Indeed. Just stand at the corner of Madison and 42d at rush hour and watch the endless parade of gleaming, spotless, black Escalades taking the 1% crowd home to the Upper East Side. See the Town Cars idling outside the restaurants and shops. Then cross Park Avenue at its northern end and you’ll see a cliffs’ edge plunge from the plutocracy to deep poverty.

— We treasure anonymity

If you want to be left alone to just get on with it, whatever it is, you can do that here without small-town nosiness, gossip or scrutiny.

— We expect open-mindedness

Whatever your religion, (or lack of same), your gender or sexual preferences, (or combination of same), your political views (or lack of same), it’s all good. This is not a place where (most!) people will dismiss you for not attending church every Sunday or voting for a specific party.

-– We know what we want (even if we can’t afford it!)

The costs of living here are punitively high. This tends to focus you quickly on what you want and what you need to do to achieve it.

— We want to be here, no matter the (considerable) costs

Many of us came from smaller, quieter and far less expensive places. We chose New York.

Some of us are massively entitled

This recent New York magazine article about parents cheating in every way possible to boost their kids’ chances of success is sadly instructive.

– We’re (outwardly) confident

This is not a great place for the tongue-tied, shy or self-deprecating. People assume that if you’re successful, you’re telling us about it and we’re read or heard about you. Or we will soon.

— We brought NYC-specific dreams

Mine was to succeed in journalism and to publish a few books with major houses. The bitterly cold winter’s day in 2002 I walked through the halls at Simon & Schuster, with my agent, surrounded by the framed covers of their best-sellers, felt like a dream to me. That afternoon, to celebrate the imminent acquisition of my first book, I went around the corner to “21”, another Manhattan institution, and ate profiteroles. I went to Saks and bought myself a silver ring to commemorate this huge milestone.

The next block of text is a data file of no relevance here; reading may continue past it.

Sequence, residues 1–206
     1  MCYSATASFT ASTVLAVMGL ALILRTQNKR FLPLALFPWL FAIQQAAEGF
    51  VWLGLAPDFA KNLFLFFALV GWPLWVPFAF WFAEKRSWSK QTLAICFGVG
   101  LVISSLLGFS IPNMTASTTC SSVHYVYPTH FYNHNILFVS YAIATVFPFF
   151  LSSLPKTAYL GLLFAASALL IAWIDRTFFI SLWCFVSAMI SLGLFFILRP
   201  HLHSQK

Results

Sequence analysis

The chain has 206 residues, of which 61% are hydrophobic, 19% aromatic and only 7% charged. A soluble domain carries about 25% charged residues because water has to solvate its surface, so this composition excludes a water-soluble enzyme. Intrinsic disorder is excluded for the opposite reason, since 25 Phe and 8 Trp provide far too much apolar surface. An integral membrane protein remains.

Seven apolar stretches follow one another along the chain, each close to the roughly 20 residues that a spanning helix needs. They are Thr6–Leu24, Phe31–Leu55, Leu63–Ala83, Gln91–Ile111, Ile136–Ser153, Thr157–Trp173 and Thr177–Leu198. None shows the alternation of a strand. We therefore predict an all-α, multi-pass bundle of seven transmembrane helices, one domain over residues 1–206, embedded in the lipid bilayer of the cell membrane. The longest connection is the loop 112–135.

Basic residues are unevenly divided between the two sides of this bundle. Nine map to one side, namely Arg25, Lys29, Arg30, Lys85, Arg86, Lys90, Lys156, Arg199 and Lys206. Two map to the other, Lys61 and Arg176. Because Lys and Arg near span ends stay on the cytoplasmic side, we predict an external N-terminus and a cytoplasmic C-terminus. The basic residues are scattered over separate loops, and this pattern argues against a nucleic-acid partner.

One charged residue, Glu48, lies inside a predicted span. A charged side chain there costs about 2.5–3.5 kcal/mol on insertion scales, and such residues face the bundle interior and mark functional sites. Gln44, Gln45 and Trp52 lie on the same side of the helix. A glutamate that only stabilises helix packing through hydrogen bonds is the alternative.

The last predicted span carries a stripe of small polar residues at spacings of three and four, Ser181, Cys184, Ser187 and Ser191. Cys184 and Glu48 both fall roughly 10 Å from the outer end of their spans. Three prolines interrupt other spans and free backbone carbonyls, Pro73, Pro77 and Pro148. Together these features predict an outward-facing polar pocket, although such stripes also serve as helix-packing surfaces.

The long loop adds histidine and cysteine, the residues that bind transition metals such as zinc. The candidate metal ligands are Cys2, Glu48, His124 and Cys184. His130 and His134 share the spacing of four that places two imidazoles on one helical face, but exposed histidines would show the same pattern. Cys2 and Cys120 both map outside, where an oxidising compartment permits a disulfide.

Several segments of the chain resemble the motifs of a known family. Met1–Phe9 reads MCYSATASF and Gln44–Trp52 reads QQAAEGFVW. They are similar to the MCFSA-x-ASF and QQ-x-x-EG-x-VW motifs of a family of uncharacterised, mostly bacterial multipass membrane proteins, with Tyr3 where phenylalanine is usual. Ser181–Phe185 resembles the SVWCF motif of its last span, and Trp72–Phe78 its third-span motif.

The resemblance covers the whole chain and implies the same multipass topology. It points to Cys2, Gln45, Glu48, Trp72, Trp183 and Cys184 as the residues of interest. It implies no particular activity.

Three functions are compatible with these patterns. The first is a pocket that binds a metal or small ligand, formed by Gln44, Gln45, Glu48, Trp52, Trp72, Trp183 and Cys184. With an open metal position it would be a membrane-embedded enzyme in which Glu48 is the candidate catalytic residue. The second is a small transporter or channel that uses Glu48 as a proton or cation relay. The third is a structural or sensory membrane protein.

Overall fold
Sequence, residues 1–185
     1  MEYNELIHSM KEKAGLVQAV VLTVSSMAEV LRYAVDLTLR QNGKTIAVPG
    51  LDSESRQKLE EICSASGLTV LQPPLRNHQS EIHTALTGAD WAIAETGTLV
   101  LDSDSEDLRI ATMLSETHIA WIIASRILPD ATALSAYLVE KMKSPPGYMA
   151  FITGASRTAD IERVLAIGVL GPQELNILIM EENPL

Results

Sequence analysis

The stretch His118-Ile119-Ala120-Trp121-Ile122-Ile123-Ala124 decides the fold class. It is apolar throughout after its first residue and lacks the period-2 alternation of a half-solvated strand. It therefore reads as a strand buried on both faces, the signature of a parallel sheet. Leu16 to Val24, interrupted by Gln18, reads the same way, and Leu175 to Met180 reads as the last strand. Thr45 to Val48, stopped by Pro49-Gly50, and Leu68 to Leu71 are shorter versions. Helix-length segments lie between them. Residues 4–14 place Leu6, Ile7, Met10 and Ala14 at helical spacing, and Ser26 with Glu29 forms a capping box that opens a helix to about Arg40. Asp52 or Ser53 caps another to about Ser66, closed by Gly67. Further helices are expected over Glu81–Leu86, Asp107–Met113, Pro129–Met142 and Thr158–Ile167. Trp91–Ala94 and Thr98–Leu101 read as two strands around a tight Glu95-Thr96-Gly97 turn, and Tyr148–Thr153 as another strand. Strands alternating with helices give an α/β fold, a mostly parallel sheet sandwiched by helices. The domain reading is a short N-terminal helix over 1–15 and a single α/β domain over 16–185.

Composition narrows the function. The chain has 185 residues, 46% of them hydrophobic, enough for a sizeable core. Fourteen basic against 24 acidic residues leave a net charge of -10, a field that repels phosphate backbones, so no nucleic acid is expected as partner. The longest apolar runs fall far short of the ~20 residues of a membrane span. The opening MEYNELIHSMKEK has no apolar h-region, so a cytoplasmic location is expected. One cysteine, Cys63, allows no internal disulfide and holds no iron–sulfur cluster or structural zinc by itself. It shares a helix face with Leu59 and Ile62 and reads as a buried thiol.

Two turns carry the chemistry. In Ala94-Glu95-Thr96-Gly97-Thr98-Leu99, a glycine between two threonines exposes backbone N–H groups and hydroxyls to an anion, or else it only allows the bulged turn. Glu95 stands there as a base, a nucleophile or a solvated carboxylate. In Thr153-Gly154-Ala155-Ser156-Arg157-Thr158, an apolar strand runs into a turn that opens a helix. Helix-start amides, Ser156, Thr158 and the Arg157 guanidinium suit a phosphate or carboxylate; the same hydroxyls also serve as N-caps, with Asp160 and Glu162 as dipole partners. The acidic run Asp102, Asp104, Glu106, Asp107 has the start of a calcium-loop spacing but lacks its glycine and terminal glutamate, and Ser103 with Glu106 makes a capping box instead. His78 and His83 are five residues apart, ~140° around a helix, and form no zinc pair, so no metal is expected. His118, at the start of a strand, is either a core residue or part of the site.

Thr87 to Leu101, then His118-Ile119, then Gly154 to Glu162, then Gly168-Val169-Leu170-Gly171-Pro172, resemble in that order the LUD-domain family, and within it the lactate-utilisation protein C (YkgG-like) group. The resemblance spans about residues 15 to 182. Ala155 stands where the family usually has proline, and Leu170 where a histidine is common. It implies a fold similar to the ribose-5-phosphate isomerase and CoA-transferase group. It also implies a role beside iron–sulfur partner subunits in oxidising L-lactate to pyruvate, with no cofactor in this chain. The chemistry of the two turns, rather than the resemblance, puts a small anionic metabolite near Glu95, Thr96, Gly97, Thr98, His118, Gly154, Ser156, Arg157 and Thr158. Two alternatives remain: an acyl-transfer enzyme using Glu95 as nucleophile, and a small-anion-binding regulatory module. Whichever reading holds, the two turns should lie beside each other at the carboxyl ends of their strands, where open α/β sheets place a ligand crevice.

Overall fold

— The people we really need to work with are here

Depending on your field or industry, this still remains the place to be. It’s said that “writers can live anywhere” and while that is technically accurate, there are few other cities where you can so quickly and easily meet and work with the people who can kick your career into high(er) gear.

— 9/11 remains very real to us, not some random historical fact

We lost friends, family, neighbors, co-workers and our fantasy of invulnerability. Thousands of us heard the roar of those planes coming in, and the F-15s that followed, and smelled the bitter tang of the fires after the towers fell and saw the smoke filling the sky. I know Richard Drew personally, the photographer who shot the terrifying photo, Falling Man, of a man falling (or jumping)_to his death. I know people here who are forever traumatized by what happened to them that day. It was also the day my husband was to have moved into my suburban apartment. Instead, he turned his Brooklyn apartment into a photo lab, scanning and transmitting film images to the Times’ midtown offices. (They won the Pulitzer that year for those photos.)

Are you a New Yorker?

What makes you one?

Do you wish you were?

Vying for fame — with those who share your name